SaaS architecture design patterns

Software as a Service (SaaS) applications have been around since the late 1990s. However, their popularity is higher than ever, with SaaS solutions rapidly eliminating the use of traditional on-premise applications due to the versatility of their architecture patterns.

SaaS applications are hosted on servers and licensed on a subscription basis, making them more efficient for users and enterprises to deploy and manage. In addition to helping businesses save time, money, and resources when it comes to IT maintenance, SaaS architecture means these solutions offer improved security standards.

What Is SaaS Architecture?

SaaS design architecture describes the pattern of software delivery whereby a vendor hosts an application on a remote server for an organization before delivering the app’s capabilities to that organization’s end users over the internet.

There are two main types of SaaS today:

Vertical SaaS

This type of architecture focuses on industry-centric solutions (e.g., finance, healthcare, retail, etc.). While they are limited to one industry, vertical SaaS offers specialized functionality and services specifically for that industry, making them a great option for organizations in a single market.

Horizontal SaaS

The horizontal architecture focuses more on a software category and functionality rather than an industry. However, because this type of SaaS architecture offers a single functionality or service, enterprises would need to invest in multiple SaaS solutions if they need additional functionality.

Vertical vs Horizontal SaaS
Vertical vs Horizontal SaaS

SaaS Architecture Design Patterns

The architecture design patterns detail how the SaaS services are offered to end users. The four major SaaS architecture design patterns used today are:

Single-Tenant Architecture

As the name implies, this type of SaaS architecture pattern is designed to serve a solitary client who pays for the software service. Customers can not share database resources with others and can customize the software to meet their business requirements. SaaS providers who offer this service allow customers to have a different version of the same solution.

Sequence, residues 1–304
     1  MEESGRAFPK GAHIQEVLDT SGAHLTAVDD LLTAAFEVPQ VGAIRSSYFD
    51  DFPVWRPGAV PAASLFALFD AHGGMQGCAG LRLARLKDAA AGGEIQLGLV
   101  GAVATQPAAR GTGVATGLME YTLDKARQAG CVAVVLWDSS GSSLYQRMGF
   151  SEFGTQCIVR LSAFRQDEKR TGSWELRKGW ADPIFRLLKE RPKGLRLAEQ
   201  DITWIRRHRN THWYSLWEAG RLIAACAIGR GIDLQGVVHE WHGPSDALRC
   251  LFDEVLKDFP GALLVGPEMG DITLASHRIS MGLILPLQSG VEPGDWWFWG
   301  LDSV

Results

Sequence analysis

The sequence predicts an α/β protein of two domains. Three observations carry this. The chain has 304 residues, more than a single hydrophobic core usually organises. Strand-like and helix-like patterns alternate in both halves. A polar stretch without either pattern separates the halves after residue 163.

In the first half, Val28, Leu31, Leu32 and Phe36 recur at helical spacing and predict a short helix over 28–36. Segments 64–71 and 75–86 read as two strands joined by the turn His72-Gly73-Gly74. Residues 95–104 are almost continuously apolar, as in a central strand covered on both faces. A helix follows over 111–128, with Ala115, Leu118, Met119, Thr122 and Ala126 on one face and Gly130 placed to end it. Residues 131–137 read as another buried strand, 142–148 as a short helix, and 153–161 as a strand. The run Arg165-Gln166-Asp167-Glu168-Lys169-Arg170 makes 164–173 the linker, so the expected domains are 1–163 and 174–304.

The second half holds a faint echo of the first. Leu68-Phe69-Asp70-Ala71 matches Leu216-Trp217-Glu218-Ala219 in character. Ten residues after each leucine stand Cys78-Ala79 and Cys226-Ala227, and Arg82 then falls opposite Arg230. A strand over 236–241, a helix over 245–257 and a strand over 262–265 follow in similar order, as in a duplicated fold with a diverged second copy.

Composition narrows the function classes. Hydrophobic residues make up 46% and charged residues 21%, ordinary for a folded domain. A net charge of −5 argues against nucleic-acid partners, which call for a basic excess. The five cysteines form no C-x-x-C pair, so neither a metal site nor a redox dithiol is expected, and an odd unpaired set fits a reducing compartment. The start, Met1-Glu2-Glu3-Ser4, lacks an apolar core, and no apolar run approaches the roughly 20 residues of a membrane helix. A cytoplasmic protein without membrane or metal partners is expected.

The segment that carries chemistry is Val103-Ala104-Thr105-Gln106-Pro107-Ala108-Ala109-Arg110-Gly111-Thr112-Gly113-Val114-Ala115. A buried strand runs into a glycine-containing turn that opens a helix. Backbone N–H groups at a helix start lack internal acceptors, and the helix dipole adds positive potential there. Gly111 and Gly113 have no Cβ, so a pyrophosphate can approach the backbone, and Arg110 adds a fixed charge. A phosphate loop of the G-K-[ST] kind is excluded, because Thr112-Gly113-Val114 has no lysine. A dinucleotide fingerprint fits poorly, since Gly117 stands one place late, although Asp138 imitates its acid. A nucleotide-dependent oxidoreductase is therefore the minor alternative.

Multi-Tenant Architecture (SOA)

By definition, this architecture serves more than one tenant. Clients share a common database and application information. However, every client's data is secured despite sharing the same database.

There are several types of this architecture design including single multi-tenant database, sharded multi-tenant database, database per tenant, and hybrid sharded multi-tenant database.

Monolithic Architecture

The monolithic architecture is the oldest form of SaaS design where the application programming interfaces (APIs), databases, services, and user interface are baked together into a unified executable process. It is a single indivisible module that cannot be split or segmented.

This architecture design approach allows clients to build, patch, and change layers of their applications without affecting the entire software. Organizations creating a full production environment find the monolithic architecture particularly useful as it is built around the server-side and client-side interface.

Microservices Architecture

This SaaS architecture is run by APIs. The services offered here are broken down into smaller modules and clients can independently choose the number of modules they want to integrate. This approach is particularly suitable for enterprises expecting growth and significant changes; you can find SaaS UX design inspiration online for better results.

The APIs allow the modules to either function independently or communicate with each other for collaborative tasks. Modules can be upgraded, updated, and scaled separately for added flexibility. Customers can choose to activate or disable services at their convenience. This architecture shows that designing enterprise SaaS has come a long way.

Why Choose SaaS Architecture?

SaaS architecture provides a flexible platform for scaling computer resources on demand. It saves enterprises the cost of purchasing new, expensive hardware anytime they want to scale. With SaaS, enterprises can create cost-effective software to scale their businesses with the latest and greatest technology by only upgrading their subscription licenses.

SaaS architectures are not only cost-effective, but they also provide flexibility for customization and maintenance that benefit businesses. The popularity and benefits offered by SaaS architecture are supported by a 2022 report that showed that SaaS applications made up 70% of most companies’ total software usage.

Serhii Hyliuk

Head of Growth

Head of Growth and Customer Success. I'm interested in design, new tech, fashion, exploring new places and languages. My mission is to make our clients happy.

Head of Growth and Customer Success. I'm interested in design, new tech, fashion, exploring new places and languages. My mission is to make our clients happy.


Continue reading